Less affluent American sportsmen enjoyed rougher and more homespun hunting, with rougher and more homespun dogs. But in the Pacific northwest, a quintessential American sportsman – the son of immigrants, hardworking, self-made, successful, innovative and smart enough to recognize quality when he saw it – fell in love and paid $65 for a Lab named Blackie. (Keep in mind that in 1930 the Depression was in full swing, the average annual salary in America was between $500 and $1,500, and if you earned $2,000 you considered yourself well-heeled.) 

It was the beginning of a life-long love affair with Labradors, but – as is usually the case when a man falls in love with a specific breed – it was Blackie’s memory that lingered, even after all the years and awards and accolades, so that Eddie would finally write:

“The greatest of all the great dogs I have ever known; one I have loved above all others. I hope, when I go to the Happy Hunting Grounds, Blackie will come to my side, as I will try to go to his.” 


Like many other sportswomen, she grew tired of looking like a seven-year-old wearing Daddy’s clothes every time she went into the field.

A company that expands is like a waistline that expands. Both require some re-tailoring. 

Over the years the Eddie Bauer Company has grown and diversified, ownership has changed, and its focus has sometimes changed as well, with more emphasis put on Himalayan expedition gear (multiple ascents, starting in 1963 and continuing through 2009) than on hunting gear. But what has never changed is the relentless, single-minded emphasis on excellence, whether for casual wear or camping gear. And now, as of 2010, Eddie Bauer is back into hunting with a vengeance. 

In the old days Eddie and his friends tested his stuff himself before he offered it to the public. That philosophy is the cornerstone of the company’s new Sport Shop. Every product is carefully and thoughtfully designed, engineered and built for its intended activity, before being tested repeatedly by a network of guides.

Let’s talk about the design part.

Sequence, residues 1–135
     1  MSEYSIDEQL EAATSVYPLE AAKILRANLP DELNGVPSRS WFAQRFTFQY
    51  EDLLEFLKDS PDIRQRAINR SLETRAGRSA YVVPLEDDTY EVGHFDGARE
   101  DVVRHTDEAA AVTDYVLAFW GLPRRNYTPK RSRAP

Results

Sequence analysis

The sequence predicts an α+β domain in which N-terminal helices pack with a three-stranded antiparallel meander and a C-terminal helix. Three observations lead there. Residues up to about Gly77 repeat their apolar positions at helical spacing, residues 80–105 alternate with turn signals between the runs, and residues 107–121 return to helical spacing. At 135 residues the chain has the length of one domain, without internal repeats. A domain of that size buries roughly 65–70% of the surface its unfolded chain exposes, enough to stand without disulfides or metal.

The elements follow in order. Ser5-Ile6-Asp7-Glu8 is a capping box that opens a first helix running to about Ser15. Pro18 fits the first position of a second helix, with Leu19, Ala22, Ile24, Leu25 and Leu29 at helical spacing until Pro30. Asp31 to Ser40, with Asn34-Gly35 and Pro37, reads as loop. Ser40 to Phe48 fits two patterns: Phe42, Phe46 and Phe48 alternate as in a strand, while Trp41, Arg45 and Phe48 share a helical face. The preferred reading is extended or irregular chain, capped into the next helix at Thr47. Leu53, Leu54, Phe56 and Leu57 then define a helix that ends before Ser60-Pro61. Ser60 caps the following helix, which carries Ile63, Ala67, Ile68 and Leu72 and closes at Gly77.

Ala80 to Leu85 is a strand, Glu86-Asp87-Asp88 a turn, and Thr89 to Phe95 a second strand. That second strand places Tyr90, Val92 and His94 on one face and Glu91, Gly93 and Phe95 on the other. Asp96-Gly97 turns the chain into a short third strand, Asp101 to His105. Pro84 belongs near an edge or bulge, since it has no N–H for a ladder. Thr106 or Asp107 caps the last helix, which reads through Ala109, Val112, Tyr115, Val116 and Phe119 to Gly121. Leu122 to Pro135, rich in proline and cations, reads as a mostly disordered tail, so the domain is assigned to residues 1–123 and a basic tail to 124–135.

Like a fine hunting dog, Rebecca Etchen Peters has practically been line-bred for shooting and hunting. She started hunting at 12. Her great- grandfather, Fred Etchen, was the captain of the trapshooting team that won the gold medal in the 1924 Olympics. Her grandfather, Rudy Etchen, was a world-ranked shooter his entirelife. Her father, Joe Etchen, is a trap- shooting champion who now owns one of the finest gun stores in the country. 

Rebecca has won the Women’s Trapshooting Handicap event at the Grand American National Championships, the Women’s Trophy in the George McCarthy Handicap at the same event, and was runner-up in the under 14 Pennsylvania Resident Singles Championship. In short, she is – like Christine “Stine” Bauer – a thoroughly detestable young lady. And like many other sportswomen, she grew tired of looking like a seven-year-old wearing Daddy’s clothes every time she went into the field. As the Sport Shop Expert, she has helped develop – and has tested – the entire Sport Shop line of hunting, fishing and shooting clothes made specifically for women. 

“Our focus is on product testing and innovation,” Rebecca said, “with the best fabrics, attention to detail, function, up-dated design, and with the same guide-built, guide-tested mentality that went into the First Ascent line.” (The gear created for the Mount Everest expedition of 2009.) 

The men’s line is overseen by John Burrell, a certified wildlife biologist, outfitter, head of the award-winning High Adventure Company, three-time winner of Sporting Classics’ Award of Excellence, outfitting expert for ESPN’s Under Wild Skies, and the current co-host of Brush Country Monsters on the Sportsman Channel. Burrell is also a veteran of more than 30 African safaris and countless hunting trips around the world. 

“Rebecca and I work with the designers,” John told me. “We test the prototypes ourselves and make any changes we feel are necessary before the product is sent out to other guides, so any new product is thoroughly tested before it is offered to the buyer.”

There is a third member of the team who was not available for a telephone interview. Eddie, the black Lab, is a skilled hunter and field competitor, as well as the official Ambassador-at-Large for the Sport Shop, and it’s a safe bet the spirit of Eddie Bauer is there at the corporate headquarters, scratching the ears of his namesake dog. +++

Be sure to pick up the Sep/Oct issue of Sporting Classics when it hits newsstands August 22!

This story originally appeared in the July/August 2012 issue of the magazine.
Cover image photographer unknown.